How to Add an Interior Door

While many homeowners have no trouble replacing an existing door, it is often more difficult to add a new door. This task requires cutting an opening into the wall without damaging the wall or surrounding finishes. The opening must be correctly sized to accommodate the new door and allow it to operate as intended. Fortunately, with proper planning and technique almost any homeowner can add an interior door successfully.

Adding an interior door can change the layout and look and your home.
  1. Choose your door. The easiest way to install a new door is to use a pre-hung unit where the door is already attached to the frame.

  2. Check the instructions on your door to determine how large the rough opening size should be. If no dimensions are given, assume that the rough opening should be one inch taller and one inch wider than the door frame.

  3. Mark the locations of the new door on your wall using a pencil and a straight edge. Think carefully about the location before you choose it. You'll want the door to swing freely without hitting anything or impeding traffic through the home. You'll also want to avoid plumbing so add the door in a spot that is not directly above or below a bathtub, sink or shower.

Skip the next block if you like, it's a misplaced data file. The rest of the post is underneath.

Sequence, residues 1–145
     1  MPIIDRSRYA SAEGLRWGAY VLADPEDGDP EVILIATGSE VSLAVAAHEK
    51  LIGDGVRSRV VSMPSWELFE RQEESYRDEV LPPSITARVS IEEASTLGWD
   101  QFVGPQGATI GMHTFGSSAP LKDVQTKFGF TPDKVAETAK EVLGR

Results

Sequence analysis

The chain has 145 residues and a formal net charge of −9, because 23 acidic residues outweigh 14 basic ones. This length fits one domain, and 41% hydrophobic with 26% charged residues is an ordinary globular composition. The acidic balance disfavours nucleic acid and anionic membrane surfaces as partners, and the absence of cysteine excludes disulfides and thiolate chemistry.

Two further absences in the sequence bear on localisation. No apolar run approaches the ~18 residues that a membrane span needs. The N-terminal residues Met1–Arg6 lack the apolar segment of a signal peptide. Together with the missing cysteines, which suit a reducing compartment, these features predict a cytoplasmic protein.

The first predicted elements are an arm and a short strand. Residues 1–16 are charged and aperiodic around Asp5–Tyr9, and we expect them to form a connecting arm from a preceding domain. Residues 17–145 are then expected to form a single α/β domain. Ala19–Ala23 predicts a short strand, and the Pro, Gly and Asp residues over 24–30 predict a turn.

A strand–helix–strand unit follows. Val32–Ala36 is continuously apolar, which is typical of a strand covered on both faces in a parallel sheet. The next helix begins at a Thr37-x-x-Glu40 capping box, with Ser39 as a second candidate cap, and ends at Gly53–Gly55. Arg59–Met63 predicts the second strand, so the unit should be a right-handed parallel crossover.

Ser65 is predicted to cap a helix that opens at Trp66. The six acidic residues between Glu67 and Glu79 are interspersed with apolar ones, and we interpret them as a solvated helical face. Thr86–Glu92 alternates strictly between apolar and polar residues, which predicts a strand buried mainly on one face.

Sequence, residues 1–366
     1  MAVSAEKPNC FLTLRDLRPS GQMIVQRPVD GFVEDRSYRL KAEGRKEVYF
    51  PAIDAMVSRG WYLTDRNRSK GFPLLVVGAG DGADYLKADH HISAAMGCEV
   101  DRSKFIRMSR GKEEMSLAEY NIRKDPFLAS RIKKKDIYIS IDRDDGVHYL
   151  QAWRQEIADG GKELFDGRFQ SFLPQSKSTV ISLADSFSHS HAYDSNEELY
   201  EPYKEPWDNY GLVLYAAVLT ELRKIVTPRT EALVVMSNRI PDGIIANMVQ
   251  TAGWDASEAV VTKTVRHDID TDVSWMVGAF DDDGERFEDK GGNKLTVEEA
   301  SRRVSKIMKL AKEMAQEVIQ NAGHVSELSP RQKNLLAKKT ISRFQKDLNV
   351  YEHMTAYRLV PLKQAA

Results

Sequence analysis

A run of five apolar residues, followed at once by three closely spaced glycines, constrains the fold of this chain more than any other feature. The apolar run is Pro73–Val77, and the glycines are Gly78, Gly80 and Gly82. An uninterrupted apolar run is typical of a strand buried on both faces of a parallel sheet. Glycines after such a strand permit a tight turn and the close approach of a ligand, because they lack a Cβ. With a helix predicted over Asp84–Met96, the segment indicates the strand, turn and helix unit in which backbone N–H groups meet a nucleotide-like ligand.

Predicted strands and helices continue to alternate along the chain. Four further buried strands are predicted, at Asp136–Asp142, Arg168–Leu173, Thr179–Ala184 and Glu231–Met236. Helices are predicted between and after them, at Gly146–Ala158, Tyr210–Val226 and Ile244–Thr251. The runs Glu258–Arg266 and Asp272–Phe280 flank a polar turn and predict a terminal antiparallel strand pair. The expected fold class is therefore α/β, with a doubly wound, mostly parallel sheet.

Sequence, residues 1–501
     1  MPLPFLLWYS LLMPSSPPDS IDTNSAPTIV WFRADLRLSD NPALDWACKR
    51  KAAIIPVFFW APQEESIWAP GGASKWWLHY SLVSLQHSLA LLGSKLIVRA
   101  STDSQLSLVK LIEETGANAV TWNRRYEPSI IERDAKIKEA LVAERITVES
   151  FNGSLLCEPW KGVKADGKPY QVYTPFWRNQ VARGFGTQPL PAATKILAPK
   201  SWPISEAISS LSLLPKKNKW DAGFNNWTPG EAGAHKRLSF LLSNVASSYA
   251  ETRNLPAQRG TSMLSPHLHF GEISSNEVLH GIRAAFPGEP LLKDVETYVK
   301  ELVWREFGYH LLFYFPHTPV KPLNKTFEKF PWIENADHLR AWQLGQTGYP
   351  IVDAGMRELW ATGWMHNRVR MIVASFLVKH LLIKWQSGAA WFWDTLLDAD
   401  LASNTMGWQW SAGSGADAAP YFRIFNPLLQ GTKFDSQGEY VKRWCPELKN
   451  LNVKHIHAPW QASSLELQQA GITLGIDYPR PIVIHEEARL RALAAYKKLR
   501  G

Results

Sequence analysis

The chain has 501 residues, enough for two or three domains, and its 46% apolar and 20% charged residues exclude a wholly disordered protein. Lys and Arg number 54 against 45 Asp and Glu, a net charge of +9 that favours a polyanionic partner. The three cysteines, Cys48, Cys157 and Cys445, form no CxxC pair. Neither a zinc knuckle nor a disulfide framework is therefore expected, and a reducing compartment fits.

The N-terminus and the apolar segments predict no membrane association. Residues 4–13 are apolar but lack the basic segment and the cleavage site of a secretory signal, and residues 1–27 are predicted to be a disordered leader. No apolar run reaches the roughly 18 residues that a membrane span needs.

4. Use a sawzall or utility knife to cut away the drywall on one side of the new opening. Cut only the drywall and avoid cutting too deeply into the wall cavity. Examine the inside of the wall to see if there are plumbing or electrical components in the way.

  5. Cut the drywall on the other side of the wall away along with any studs that are located within the opening using a reciprocating saw.

  6. Add studs on either side of the opening to frame out the door. Use 2x4 or 2x6 lumber to create these studs, and nails them in place alongside existing framing members. Make sure to maintain the required rough opening size plus a one inch clearance all around.

  7. Slide your pre-hung unit into the opening and add a couple of nails to each jamb to hold it in place. Use wooden shims under the legs of the frame or between the frame and the wall studs to level the unit. Confirm that the unit it level before proceeding.

  8. Add screws or nails along each jamb to secure the unit in place. Make sure to add fasteners to any shims that were used. Add trim or casing to cover the joints between the frame and wall. Repair the floor under the opening or add a threshold to cover any gaps.


  • Avoid cutting into bearing walls. Most interior residential walls are safe to cut, but bearing walls are structural elements that cannot be cut without proper reinforcement and safety precautions. Any wall that runs all the wall along the length of the house should be considered a bearing wall unless you are sure it is not.

About the Author

Emily Beach works in the commercial construction industry in Maryland. She received her LEED accreditation from the U.S. Green Building Council in 2008 and is in the process of working towards an Architectural Hardware Consultant certification from the Door and Hardware Institute. She received a bachelor's degree in economics and management from Goucher College in Towson, Maryland.